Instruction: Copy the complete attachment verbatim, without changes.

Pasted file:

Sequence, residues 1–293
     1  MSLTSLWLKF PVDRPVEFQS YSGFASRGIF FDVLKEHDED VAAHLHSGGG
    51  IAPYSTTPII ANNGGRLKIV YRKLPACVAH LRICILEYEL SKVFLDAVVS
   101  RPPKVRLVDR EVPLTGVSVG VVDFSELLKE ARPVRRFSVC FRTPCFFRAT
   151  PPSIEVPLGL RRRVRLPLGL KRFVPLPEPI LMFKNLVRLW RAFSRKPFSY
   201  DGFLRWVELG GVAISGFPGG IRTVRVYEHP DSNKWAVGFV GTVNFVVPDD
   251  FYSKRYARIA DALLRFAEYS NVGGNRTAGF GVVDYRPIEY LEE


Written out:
Sequence, residues 1–293
     1  MSLTSLWLKF PVDRPVEFQS YSGFASRGIF FDVLKEHDED VAAHLHSGGG
    51  IAPYSTTPII ANNGGRLKIV YRKLPACVAH LRICILEYEL SKVFLDAVVS
   101  RPPKVRLVDR EVPLTGVSVG VVDFSELLKE ARPVRRFSVC FRTPCFFRAT
   151  PPSIEVPLGL RRRVRLPLGL KRFVPLPEPI LMFKNLVRLW RAFSRKPFSY
   201  DGFLRWVELG GVAISGFPGG IRTVRVYEHP DSNKWAVGFV GTVNFVVPDD
   251  FYSKRYARIA DALLRFAEYS NVGGNRTAGF GVVDYRPIEY LEE